The new technology uses the injection of microbubbles of a contrast agent with no side-effects. The response of the tiny bubbles to ultrasound is different from that of human tissue or blood. This makes the bubbles traceable from the outside, right into the smallest blood vessels. The pattern of blood vessels in tumors is different from that in healthy tissue. The researchers can recognize this pattern from advanced analysis of the bubble concentrations. And because tumors need blood – and hence new blood vessels – to grow, the researchers expect to be able to see how aggressive the cancer is from the pattern of the blood vessels.

The technology has been tested on four patients from whom the affected prostate was removed, dr.ir. Massimo Mischi of the TU/e department of Electrical Engineering explains. The location and size of the tumors turned out to match accurately with the images produced using the new technology. Mischi presented these first, promising results at a recent conference in Chicago.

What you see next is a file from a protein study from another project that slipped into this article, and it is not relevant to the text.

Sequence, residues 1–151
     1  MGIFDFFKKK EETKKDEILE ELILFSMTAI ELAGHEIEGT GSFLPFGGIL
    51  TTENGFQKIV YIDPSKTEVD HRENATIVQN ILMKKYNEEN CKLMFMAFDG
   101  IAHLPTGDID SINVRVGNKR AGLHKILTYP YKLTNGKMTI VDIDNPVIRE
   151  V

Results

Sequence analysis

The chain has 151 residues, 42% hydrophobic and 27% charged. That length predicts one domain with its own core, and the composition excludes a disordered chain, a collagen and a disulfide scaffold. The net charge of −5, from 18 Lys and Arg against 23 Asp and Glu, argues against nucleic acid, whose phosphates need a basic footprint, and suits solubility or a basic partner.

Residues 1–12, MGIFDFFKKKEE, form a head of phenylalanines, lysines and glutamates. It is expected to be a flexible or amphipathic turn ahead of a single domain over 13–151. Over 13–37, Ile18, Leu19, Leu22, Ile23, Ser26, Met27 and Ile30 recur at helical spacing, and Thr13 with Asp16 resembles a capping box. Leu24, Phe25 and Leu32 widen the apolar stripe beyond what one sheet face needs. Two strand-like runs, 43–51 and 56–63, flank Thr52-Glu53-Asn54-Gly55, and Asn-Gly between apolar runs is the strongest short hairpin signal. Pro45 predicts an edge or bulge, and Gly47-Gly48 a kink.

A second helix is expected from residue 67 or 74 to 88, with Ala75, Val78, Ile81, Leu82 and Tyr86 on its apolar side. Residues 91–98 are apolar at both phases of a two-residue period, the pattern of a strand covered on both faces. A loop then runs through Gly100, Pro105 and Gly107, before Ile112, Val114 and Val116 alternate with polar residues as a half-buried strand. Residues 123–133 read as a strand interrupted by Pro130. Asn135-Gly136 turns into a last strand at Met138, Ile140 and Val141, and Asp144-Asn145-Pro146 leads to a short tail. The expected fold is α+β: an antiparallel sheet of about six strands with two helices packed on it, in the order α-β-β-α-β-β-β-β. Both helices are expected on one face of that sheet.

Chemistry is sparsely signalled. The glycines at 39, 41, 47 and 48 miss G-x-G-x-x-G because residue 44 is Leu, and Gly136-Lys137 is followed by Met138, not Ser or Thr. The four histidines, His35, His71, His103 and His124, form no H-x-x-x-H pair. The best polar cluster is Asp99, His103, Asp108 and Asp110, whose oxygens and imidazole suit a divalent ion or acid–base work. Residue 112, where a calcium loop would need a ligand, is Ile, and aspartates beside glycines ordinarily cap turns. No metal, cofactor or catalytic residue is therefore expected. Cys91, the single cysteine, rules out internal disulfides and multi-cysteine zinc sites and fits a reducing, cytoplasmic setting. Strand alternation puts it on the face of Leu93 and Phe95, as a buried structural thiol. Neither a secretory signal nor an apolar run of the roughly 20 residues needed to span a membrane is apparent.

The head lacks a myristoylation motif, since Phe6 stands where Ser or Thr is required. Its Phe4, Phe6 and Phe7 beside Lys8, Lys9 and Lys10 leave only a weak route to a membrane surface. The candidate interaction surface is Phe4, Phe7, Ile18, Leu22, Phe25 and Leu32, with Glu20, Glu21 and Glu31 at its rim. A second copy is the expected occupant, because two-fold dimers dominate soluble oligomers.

Next year the research team will carry out a pilot with biopsies guided by images made using the new technology. This allows the biopsies to be targeted, and therefore more effective. In a later phase the ultrasound technology will be used to decide whether biopsies are required, which will reduce the number of biopsies carried out. The researchers expect their technology to be available in hospitals within five years. The ultimate goal is for doctors to be able to determine if an operation is necessary, and if so what kind of operation, based on the images produced, without the need for biopsies.